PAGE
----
[0075]FIG. 11 shows a graph of a x2 distribution, in which the ordinate designates probability densities, and the abscissa represents test statistics S/σ2. Noise exhibits a x2 distribution as shown in the figure. Here, for instance, the probability of the test statistic S/σ2 being equal to or larger than 43 is indicated by a hatched area in the figure.

[0076]FIG. 12 shows a table of values of the test statistic and the significant probability. Table T2 is formed by calculating the test statistic S/σ2 and the significant probability P, assuming that the mother population of noise is N(0, 9), N=30.

[0077] In the figure, when the test statistic S/σ2 is equal to 43, for instance, the significant probability P is equal to 4.6%. This shows that the probability of the index calculated from the samples being equal to or larger than 43 is 4.6%.

[0078] Here, the table T2 is formed based on the precondition that noise exhibits a normal distribution. However, since this table T2 shows that the probability of the index becoming equal to or larger than 43 is as low as 4.6%, it can be determined (in the case of a significant level being set to 5%) that the observed object itself is not noise. That is, it is recognized that the object is a swaying flame (or a moving object).

[0079] The significant level for discriminating a swaying flame (or moving object) from noise can be set as desired, but here it is set to 5%. Therefore, assuming that the significant level is 5%, if the test statistic is lower than 42, the object is noise, and if the same is equal to or larger than 43, it can be determined that the object is a swaying flame (or moving object).

[0080] It should be noted that according to the embodiment of the invention, actually, discrimination between noise and a swaying flame is carried out, and thereafter, discrimination between a moving object and a swaying flame is carried out, to detect a fire.

[0081] It should be noted that according to the present invention, a property of samples is evaluated against the property of a hypothetical mother population of noise, in which the mother population exhibits a normal distribution, to determine whether the former property conforms to the latter property, and thereby discriminate between a swaying flame and noise. This makes it possible to efficiently detect a flame with high accuracy.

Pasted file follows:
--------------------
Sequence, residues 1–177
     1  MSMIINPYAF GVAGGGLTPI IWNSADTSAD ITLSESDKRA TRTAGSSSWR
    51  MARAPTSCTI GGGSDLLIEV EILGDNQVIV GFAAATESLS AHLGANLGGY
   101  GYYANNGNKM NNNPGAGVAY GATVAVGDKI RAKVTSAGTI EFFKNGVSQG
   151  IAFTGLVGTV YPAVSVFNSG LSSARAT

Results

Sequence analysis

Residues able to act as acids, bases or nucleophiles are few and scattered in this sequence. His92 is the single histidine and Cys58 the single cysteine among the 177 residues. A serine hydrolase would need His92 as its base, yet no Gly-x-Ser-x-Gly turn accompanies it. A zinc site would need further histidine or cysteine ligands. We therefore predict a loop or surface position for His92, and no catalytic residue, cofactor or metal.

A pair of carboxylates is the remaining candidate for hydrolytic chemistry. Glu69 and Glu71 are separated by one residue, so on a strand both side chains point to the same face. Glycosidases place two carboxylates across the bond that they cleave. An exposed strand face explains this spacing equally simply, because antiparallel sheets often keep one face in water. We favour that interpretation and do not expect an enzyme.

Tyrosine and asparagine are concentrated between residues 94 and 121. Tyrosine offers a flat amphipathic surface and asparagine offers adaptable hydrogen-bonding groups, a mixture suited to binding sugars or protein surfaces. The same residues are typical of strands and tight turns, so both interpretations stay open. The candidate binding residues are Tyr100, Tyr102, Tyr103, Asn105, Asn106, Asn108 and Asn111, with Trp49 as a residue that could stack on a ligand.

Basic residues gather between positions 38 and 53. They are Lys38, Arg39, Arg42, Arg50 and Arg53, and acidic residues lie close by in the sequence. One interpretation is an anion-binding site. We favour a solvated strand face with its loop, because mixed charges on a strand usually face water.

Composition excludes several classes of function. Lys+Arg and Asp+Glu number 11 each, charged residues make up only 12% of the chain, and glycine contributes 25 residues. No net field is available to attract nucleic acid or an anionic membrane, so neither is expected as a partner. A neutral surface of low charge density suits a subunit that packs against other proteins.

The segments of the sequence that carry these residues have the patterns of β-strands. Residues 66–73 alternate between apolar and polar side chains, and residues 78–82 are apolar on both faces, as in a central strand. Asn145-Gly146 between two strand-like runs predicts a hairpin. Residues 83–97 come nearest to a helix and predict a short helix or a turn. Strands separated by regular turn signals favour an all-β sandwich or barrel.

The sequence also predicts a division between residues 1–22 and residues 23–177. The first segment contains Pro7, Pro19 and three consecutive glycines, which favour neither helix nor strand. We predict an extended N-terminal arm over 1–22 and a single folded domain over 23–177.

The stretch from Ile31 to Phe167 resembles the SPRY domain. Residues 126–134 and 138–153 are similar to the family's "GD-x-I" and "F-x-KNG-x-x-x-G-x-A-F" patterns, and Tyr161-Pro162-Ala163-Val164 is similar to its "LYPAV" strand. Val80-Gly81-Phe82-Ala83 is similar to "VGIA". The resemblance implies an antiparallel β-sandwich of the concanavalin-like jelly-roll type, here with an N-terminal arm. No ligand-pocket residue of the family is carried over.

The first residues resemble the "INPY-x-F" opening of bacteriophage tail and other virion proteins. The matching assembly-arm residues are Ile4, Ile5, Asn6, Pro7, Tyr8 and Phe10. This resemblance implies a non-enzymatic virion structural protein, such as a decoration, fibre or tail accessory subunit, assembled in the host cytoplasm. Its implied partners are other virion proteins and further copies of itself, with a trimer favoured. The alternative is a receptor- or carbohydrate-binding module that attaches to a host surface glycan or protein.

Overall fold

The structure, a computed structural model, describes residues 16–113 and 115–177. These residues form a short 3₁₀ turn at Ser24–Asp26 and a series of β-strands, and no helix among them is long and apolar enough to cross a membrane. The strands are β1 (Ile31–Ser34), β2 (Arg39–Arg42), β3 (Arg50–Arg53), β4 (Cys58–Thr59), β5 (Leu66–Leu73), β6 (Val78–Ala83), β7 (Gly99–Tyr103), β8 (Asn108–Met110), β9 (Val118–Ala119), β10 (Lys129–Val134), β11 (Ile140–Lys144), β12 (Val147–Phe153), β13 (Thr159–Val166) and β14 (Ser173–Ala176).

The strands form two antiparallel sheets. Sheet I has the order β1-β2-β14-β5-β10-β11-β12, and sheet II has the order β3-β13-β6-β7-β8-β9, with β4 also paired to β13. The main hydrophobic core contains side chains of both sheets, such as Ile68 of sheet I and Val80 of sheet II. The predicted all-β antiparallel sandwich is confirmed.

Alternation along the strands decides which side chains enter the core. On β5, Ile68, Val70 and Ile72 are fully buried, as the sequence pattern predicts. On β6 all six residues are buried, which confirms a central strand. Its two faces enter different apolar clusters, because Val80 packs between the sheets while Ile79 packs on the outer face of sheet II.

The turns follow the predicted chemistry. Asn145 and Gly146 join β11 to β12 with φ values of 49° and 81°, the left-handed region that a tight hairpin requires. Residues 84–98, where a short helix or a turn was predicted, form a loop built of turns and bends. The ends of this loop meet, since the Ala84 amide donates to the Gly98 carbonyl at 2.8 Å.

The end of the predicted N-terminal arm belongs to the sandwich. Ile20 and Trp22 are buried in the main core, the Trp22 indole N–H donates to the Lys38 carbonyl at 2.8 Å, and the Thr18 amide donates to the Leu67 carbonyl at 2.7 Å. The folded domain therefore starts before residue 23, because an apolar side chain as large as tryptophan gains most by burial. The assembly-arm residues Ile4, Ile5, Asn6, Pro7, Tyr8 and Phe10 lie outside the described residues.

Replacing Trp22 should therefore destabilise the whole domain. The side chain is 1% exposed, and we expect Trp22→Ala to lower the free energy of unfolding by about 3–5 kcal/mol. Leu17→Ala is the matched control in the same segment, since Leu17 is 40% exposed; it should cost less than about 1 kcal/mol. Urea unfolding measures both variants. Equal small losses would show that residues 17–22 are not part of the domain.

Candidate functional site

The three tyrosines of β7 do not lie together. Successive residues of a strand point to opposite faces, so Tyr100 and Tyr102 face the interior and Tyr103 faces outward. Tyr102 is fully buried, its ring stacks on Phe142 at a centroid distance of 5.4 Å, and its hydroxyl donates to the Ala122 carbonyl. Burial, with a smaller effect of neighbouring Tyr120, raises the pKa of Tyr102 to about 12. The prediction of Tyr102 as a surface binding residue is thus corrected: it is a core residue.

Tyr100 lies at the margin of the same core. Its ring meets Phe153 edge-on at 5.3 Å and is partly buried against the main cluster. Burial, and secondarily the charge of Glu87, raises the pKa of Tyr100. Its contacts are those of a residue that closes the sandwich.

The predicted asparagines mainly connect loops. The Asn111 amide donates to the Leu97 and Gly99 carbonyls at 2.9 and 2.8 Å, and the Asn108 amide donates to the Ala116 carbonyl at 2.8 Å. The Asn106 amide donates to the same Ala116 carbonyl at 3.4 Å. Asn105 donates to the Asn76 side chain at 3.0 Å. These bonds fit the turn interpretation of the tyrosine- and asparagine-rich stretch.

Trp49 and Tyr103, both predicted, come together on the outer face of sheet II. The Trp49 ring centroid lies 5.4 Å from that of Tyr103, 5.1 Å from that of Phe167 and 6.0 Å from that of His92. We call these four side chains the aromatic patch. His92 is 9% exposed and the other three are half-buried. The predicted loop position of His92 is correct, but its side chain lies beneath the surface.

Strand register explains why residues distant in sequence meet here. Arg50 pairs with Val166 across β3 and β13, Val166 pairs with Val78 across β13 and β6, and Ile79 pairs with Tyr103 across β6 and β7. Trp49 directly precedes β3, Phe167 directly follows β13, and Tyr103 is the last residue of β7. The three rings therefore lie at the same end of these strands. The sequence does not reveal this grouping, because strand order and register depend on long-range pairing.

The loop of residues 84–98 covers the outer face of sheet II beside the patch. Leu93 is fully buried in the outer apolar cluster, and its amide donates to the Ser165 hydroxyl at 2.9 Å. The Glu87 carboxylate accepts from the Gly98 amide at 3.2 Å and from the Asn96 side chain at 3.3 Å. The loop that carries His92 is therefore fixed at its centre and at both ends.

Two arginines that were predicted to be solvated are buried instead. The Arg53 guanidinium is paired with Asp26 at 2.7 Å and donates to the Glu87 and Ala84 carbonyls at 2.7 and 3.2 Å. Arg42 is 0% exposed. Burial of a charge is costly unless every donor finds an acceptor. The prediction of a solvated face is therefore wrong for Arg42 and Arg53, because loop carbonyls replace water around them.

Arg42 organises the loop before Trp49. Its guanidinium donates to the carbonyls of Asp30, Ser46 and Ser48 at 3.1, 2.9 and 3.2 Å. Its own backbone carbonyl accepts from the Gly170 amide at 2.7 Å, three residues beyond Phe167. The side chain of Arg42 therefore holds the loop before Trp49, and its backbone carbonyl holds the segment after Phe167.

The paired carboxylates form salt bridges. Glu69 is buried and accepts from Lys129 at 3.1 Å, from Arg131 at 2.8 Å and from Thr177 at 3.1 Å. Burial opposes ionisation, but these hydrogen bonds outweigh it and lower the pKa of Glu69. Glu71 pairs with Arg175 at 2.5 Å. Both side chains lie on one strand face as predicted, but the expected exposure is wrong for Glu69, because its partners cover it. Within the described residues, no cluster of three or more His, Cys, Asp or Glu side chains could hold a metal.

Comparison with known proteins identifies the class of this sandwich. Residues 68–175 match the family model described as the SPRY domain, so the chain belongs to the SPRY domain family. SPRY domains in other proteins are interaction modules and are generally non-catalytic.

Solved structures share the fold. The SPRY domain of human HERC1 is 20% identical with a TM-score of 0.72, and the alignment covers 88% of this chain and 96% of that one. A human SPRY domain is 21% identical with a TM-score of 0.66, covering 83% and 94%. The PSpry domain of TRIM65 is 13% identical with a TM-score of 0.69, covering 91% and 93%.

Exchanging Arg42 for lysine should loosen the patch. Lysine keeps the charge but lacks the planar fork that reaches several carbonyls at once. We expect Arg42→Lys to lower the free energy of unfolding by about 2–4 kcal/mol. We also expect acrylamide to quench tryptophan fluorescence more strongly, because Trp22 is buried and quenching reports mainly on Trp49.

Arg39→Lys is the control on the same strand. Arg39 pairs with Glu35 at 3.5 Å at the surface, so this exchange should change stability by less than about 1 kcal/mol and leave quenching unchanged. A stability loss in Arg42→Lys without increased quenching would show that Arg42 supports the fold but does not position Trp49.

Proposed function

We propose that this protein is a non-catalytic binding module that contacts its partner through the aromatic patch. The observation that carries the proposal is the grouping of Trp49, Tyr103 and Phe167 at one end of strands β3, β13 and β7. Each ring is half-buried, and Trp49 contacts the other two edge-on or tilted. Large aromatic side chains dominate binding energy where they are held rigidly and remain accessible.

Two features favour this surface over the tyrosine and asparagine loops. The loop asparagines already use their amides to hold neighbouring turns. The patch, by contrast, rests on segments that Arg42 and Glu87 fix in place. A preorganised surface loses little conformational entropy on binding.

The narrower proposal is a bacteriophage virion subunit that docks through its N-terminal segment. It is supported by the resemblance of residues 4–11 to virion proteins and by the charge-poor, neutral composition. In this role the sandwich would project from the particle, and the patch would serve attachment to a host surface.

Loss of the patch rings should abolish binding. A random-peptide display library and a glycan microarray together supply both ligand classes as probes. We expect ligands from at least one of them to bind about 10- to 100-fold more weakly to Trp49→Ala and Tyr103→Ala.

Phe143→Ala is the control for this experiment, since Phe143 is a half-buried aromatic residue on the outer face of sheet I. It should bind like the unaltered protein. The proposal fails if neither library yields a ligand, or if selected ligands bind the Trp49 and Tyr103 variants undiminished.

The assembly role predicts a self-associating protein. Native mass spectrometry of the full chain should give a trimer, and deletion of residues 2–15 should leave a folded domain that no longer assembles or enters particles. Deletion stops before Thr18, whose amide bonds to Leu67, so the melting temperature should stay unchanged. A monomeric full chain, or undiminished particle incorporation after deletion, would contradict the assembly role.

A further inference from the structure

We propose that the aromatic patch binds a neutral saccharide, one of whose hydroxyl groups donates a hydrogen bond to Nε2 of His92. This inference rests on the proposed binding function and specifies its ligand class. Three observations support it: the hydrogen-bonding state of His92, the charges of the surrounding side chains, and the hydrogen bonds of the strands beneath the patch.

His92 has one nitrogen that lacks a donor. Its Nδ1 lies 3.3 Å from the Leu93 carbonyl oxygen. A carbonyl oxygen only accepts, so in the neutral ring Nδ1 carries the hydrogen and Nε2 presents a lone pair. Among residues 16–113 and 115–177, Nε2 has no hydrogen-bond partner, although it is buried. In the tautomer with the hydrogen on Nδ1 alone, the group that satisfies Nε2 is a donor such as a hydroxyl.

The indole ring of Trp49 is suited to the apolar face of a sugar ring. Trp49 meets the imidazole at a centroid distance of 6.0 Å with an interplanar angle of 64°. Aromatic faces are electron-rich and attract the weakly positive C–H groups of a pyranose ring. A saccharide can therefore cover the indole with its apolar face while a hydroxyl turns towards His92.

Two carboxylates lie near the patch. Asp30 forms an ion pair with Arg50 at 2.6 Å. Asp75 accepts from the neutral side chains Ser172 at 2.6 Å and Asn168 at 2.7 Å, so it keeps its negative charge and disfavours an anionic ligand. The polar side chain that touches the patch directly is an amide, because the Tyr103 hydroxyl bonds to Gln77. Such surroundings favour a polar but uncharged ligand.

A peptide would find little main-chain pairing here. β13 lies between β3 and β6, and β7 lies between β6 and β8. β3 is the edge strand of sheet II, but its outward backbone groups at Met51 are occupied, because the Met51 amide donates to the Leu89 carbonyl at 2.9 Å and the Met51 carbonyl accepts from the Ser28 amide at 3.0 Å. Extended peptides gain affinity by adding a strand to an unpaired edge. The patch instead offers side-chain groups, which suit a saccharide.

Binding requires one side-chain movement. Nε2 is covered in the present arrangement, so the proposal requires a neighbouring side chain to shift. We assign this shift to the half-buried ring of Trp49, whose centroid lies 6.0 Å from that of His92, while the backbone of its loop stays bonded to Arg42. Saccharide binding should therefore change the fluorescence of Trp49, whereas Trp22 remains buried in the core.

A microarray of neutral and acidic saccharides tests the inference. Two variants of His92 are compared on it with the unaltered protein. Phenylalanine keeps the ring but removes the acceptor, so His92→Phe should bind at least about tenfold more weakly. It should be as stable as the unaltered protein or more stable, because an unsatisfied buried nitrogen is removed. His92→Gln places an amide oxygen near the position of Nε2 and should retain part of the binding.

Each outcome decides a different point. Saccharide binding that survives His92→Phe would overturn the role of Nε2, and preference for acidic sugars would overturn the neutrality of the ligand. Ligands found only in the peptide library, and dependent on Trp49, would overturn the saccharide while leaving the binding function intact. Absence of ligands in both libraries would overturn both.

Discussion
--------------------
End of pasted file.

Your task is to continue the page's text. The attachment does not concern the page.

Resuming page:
[0082] Further, according to the invention, the mother population of noise, the number of samples, and the significant probability are determined by statistical processing, whereby a threshold value for the discrimination is autonomously determined, so that the setting of a predetermined value can be made quantitative. Therefore, it is no longer required to set a threshold value for each point desired to be monitored for fire detection, on point-by-point basis. This makes it possible to improve the working efficiency and increase flexibility.

[0083] Although in the above description, the index calculation means calculates an index from the luminance values of frames, this is not limitative, but the difference in luminance value between frames may be sampled, and the sum of squares may be calculated from the sampled data of the difference, for calculation of the index.

[0084] As described heretofore, the fire detection device according to the invention carries out statistical processing to discriminate between a swaying flame and a moving object, and between a swaying flame and noise, for detection of a fire. This makes it possible to detect a fire alone without being confused by external factors. Further, since an infrared camera or a sensor without temperature measurement capability can be used, it is possible to construct an inexpensive and high-quality system by using the fire detection device.

[0085] As described heretofore, the fire detection device according to the invention carries out resampling of luminance data extracted from an input image over a longer time period than a repletion period of swaying of a flame to form resampled data, and carry out statistical processing based on the average value of the resampled data and a distribution of signs with respect to the average value, to detect a fire. This makes it possible to efficiently detect a fire with high accuracy.

[0086] The foregoing is considered as illustrative only of the principles of the present invention. Further, since numerous modifications and changes will readily occur to those skilled in the art, it is not desired to limit the invention to the exact construction and applications shown and described, and accordingly, all suitable modifications and equivalents may be regarded as falling within the scope of the invention in the appended claims and their equivalents.

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Classifications
U.S. Classification340/577, 340/583
International ClassificationG08B17/12, G08B17/00
Cooperative ClassificationG08B17/125
European ClassificationG08B17/12V